Guidelines for the Prevention and Treatment of Opportunistic Infections in HIV-Exposed and HIV-Infected Children
The information in the brief version is excerpted directly from the full-text guidelines. The brief version is a compilation of the tables and boxed recommendations.
Herpes Simplex Virus
Last Updated: June 27, 2018; Last Reviewed: June 27, 2018
I. Will condoms (compared with not using condoms) prevent herpes simplex virus (HSV) infection in sexually active adolescents and young adults with HIV?
The data regarding the level of protection provided by condoms are very limited for individuals with HIV in general, and for youth specifically.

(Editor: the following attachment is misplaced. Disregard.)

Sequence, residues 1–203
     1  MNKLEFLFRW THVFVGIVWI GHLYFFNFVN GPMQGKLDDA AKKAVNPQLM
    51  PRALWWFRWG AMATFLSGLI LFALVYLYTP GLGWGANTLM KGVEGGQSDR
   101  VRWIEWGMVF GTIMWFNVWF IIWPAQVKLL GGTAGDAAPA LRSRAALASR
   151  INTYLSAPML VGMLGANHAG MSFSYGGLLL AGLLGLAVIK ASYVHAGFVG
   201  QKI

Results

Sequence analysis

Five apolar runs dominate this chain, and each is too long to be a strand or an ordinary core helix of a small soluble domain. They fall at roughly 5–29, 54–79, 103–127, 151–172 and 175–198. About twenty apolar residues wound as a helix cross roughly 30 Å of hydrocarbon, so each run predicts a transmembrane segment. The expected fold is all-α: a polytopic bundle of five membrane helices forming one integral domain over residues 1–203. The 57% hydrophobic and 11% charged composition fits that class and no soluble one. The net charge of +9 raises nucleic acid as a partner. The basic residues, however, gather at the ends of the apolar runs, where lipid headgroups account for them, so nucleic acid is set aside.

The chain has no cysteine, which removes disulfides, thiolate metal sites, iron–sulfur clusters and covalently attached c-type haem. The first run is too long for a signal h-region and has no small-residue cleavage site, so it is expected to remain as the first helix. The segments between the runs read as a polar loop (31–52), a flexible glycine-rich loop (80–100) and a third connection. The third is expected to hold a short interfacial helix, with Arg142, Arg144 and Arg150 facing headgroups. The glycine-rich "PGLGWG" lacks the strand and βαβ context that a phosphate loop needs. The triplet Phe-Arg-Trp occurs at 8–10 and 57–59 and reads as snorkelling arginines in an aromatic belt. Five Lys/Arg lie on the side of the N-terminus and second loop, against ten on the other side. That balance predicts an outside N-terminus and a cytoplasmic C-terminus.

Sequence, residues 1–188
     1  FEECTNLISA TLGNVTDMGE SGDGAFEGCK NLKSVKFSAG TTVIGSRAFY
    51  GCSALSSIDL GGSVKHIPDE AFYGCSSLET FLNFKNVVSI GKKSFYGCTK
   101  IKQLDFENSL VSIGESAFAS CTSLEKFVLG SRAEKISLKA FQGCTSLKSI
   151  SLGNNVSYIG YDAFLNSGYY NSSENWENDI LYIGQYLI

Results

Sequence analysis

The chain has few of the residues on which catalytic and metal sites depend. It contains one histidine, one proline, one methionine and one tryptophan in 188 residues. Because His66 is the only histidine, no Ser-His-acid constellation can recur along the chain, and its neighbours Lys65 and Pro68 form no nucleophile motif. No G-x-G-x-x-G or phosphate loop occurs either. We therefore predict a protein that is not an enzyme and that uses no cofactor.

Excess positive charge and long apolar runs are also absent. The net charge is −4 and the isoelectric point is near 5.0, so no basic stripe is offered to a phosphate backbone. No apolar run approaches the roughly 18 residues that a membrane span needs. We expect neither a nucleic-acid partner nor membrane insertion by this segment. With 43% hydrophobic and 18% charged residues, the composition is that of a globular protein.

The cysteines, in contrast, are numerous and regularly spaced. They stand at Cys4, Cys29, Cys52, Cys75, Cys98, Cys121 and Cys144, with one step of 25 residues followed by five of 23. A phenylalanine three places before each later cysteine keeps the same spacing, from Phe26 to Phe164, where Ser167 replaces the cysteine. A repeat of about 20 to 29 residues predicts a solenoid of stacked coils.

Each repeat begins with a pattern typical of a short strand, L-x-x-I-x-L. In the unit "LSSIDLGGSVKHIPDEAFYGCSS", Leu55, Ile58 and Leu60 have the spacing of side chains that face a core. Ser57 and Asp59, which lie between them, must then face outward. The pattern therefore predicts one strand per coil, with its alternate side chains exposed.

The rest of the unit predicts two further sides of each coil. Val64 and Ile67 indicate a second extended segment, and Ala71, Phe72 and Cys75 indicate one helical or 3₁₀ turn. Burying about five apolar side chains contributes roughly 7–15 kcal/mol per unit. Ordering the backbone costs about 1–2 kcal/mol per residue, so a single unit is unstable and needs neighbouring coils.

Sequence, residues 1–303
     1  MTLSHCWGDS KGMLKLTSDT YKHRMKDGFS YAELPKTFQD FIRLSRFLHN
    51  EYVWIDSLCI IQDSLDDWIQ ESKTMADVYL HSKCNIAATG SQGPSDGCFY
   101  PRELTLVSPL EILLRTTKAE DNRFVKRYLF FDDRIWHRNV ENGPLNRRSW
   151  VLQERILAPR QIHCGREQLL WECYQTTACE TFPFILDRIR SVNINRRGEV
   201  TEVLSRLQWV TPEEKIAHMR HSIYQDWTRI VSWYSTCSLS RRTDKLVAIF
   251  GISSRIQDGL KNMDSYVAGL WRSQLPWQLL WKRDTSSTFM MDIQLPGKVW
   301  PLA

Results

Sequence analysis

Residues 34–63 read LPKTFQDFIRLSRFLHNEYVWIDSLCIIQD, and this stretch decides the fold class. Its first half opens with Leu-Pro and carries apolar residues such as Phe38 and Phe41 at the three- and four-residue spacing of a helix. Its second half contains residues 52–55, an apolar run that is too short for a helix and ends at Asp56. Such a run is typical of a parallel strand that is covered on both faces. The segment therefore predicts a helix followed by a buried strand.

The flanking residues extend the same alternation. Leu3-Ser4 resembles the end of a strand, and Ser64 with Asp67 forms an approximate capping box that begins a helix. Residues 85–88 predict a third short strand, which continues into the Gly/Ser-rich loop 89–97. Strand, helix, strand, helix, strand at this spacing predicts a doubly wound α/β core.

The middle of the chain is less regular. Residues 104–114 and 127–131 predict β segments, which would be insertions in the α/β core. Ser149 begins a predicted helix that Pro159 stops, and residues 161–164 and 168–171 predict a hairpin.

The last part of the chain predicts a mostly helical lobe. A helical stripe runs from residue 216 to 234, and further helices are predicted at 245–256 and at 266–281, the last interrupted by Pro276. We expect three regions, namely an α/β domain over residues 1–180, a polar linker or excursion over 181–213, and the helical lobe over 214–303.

II. Will adolescents and young adults with HIV who have recurrent, genital HSV infection benefit from suppressive anti-HSV antiviral therapy (compared with not using suppressive therapy)?
III. Should children and adolescents with HIV who have severe primary or recurrent HSV (genital or orolabial) infection receive intravenous (IV) acyclovir (compared with receiving oral antiviral therapy)?
IV. Should children and adolescents with HIV be treated with oral acyclovir, valacyclovir, or famciclovir for non-severe primary episodes or recurrent episodes of orolabial or genital HSV (compared with no antiviral therapy)?
V. Is foscarnet the best choice for anti-HSV therapy for children and adolescents with HIV in whom therapy is failing because of acyclovir-resistant HSV?
Strength of Recommendation: Strong; Weak
Quality of Evidence: High; Moderate; Low; or Very Low